Blog: Ric Geyer

In the winter of its economic downturn, the city of Detroit is doing an upriver crawl. Jump in with Ric Geyer, managing partner of 4731 Consulting (and long-distance swimmer), as he discusses Citizens for Cities, heroism, and his annual 14-miler across Lake St. Clair.

Post 5: Swimming St. Clair

The first lesson is that you need to be your own medical advocate.  It's like the commercial currently running that suggests – "questions are the answer".  Ask questions until you understand what is happening to you and your loved ones.  No one else cares as much as you do.  

It starts in the fall of 2007 when we can't understand why our son Rickie is coughing all the time and can't seem to shake a case of bronchitis, or asthma, or allergies, or whatever else we heard 37 times since he was born.  After yet another unproductive visit to the doctor, we happen to come into the kitchen to find Rickie coughing so hard he's doubled over.  I hold him as he stands up, expecting to see him crying.  Instead, he's got a big smile on his face.  "It’s OK, Daddy.  I can always breathe after I cough like that".  If my wife had not gone back to the doctor and demanded that tests be run, they'd still be feeding him Robitussin.

After the tests are run, we wait seven days for results.  I cry constantly.  At one point, Rickie asks me out of the blue, "Daddy, do I have much life left?" On October 12th, 2007, we are told he has tested positive for cystic fibrosis.  

We go to our first hospital, where we are told that he is going to be watched and we are to "wait and see how he is after a couple of months".  "It is how we get a baseline on our patients", we are assured.  Well, after about six heart-wrenching weeks of listening to him cough every 30 seconds or so, we take him to the Mott Children's Hospital at the U of M.  Dr. Sami Nasr checks him out, and immediately orders him to stay in the facility.  He is there for nearly seven weeks.  When he comes out, he isn't coughing – at all.  How's that for a baseline?  

During this entire period, I swim whenever I can.  It's like therapy for me.  When I needed to get away and think, I would get in the pool and pound out the laps until I was exhausted.  

Early in the spring of '08, I decided to swim across Lake St Clair.  

To give us a goal on which to focus, to bring attention to cystic fibrosis, and to see if we could actually do it.  My friend Mike Stevens at the DAC had something to do with it as well.  The process itself was pretty easy.  Clearance from the Coast Guard, permission from the Grosse Pointe Yacht Club (they were very helpful) and then more training.  Greg McDuffy, Mike Hutchinson and Derek Weaver all asked to join us.  And then suddenly, it's time.  

We awake to nasty skies and light winds, but they are out of the northeast, which puts the waves at our back.  The weather service is cautious, but we decide to go anyway. We're in the boat at 7:30 am, leaving the Yacht Club to cross Lake St Clair.  We're in the water by 8:15 and after 15 minutes of bravado, we take off from the west side of Gull Island.  We swim past the two Old South Channel Range lighthouses (1859), and then begin to make our way across the bay.  6-7 hours later we are nearing land at about the 9 mile tower.  After that, we swim another mile or so down the coast to the harbor.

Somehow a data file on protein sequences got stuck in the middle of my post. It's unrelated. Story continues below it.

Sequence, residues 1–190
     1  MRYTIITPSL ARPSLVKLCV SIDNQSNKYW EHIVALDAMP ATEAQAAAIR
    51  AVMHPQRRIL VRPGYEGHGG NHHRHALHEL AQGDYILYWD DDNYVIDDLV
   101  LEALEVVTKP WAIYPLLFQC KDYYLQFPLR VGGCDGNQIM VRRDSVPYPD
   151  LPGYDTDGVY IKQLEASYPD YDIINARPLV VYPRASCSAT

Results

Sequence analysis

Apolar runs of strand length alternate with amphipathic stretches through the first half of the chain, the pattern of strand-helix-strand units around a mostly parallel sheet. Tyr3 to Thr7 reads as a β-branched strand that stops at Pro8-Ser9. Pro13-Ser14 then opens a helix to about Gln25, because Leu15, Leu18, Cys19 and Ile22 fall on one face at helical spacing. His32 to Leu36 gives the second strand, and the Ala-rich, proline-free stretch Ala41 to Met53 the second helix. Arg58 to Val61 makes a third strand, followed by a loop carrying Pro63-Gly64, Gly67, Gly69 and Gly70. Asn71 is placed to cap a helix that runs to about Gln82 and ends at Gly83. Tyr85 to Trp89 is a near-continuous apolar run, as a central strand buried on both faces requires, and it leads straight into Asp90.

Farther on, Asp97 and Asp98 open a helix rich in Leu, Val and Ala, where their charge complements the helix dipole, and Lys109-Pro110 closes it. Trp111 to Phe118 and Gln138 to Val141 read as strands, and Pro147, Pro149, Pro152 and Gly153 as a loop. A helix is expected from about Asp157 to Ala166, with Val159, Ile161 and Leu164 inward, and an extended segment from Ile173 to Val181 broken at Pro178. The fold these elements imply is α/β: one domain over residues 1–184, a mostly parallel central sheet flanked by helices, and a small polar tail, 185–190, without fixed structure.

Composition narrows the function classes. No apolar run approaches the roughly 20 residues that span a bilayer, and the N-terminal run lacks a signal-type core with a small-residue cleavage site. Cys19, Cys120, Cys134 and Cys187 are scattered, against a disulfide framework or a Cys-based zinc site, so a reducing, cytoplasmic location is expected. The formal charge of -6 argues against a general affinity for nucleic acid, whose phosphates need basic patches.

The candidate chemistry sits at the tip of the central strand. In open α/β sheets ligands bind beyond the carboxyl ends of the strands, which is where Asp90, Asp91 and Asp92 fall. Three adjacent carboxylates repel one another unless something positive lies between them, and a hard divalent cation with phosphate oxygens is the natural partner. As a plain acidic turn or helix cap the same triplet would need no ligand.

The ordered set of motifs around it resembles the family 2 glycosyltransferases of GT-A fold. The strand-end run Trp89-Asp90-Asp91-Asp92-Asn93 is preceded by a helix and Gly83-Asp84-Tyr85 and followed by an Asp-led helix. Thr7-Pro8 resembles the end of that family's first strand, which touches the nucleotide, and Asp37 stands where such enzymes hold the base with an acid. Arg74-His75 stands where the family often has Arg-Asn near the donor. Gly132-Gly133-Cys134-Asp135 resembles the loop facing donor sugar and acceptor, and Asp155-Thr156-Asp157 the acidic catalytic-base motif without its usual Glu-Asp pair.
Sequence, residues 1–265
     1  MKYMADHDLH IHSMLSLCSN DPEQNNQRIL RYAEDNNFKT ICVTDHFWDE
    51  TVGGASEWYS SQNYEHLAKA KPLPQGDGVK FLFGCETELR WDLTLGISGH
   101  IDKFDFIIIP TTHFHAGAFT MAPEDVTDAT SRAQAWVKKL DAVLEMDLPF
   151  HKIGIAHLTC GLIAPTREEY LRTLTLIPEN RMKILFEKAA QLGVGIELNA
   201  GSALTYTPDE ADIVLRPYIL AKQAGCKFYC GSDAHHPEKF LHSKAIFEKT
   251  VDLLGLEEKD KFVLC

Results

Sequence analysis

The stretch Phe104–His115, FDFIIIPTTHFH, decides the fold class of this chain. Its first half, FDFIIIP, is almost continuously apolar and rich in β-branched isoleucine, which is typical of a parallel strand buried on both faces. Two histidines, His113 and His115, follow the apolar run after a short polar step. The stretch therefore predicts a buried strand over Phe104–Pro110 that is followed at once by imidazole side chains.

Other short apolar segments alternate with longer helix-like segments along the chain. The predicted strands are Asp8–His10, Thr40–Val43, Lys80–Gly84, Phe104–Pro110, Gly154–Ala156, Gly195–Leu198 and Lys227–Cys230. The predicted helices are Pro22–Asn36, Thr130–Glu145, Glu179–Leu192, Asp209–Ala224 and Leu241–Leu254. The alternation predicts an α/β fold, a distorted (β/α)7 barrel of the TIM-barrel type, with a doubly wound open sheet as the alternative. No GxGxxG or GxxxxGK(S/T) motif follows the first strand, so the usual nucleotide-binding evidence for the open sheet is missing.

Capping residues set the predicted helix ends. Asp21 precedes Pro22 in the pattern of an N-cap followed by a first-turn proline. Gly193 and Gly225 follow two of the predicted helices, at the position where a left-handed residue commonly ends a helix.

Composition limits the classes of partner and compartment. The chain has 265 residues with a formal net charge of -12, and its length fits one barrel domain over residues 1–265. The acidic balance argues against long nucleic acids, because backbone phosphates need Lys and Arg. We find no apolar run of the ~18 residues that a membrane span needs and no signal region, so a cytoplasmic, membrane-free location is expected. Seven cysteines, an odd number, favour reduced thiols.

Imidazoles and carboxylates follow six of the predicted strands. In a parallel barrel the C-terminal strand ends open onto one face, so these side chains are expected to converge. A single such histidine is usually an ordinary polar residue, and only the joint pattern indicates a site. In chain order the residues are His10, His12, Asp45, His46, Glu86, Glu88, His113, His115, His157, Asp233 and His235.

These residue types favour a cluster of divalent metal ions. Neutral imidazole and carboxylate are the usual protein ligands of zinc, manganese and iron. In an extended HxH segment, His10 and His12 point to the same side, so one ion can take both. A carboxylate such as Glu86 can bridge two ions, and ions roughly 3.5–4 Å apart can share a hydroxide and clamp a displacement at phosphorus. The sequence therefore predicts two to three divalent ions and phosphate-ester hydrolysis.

The overall distance is 13-14 miles, and the winds (NNE) tend to run in the opposite direction of the currents (SSW), causing these strange choppy waves which seem to run in two directions at once.  In a boat, it is annoying.  In the water, it can be exhausting.  And we pegged the water temp at between 67 and 73 last year – most of us wear neoprene swimming vests or full body suits.  The first year, I tried a neoprene vest over my trunks, but took it off after five miles because it was chewing up my shoulders.  Last year, we ended up cutting the sleeves off the vest and I finished in that.  It does provide a little buoyancy.  

Adrenaline takes it out of the boring category, and fear helps to keep it interesting.  The hardest part is spotting the 9 Mile Tower when you're just starting out, and then seeing it again every time you look up for the next 5-6 hours.  It is mind-numbingly frustrating.  But eventually, after about 15,000 strokes, you realize you are no longer focusing on the tower, you are now looking down the shoreline towards the tower at the Yacht Club.

Last year, with the end in sight, the wind suddenly shifted 180 degrees.  I remember the waves that had been coming over my back were suddenly coming straight at me, making breathing a challenge.  And then in a flash, the winds kicked up to about 40 mph, the waves rose to about 2 ½ feet and we got slammed with hail.  Mike Stevens blew a whistle and yelled at us to get into the boat.  By the time we climbed the ladder, we were getting pelted with rain, hail and high winds.  It was absolutely invigorating – making our way through the storm off the lake and into the harbor.  

It is some primordial urge to take on the elements, I think.  Whatever, it is a chance to get together with a group of guys and face a challenge together.  And it is for one of the best reasons I can think of that we do it.  It raises money for the Cystic Fibrosis Foundation and for a Medical Trust Fund for Rickie to help him take care of future medical expenses.  It also raises overall awareness of the disease and the progress they are making to cure it.  And with your continued support, we will swim, and we will find a cure.  If you want to join us, or just help out, please check out the site and drop us a note.  
Oh, and Rickie continues to amaze us.  He is healthy and growing strong.  Thanks.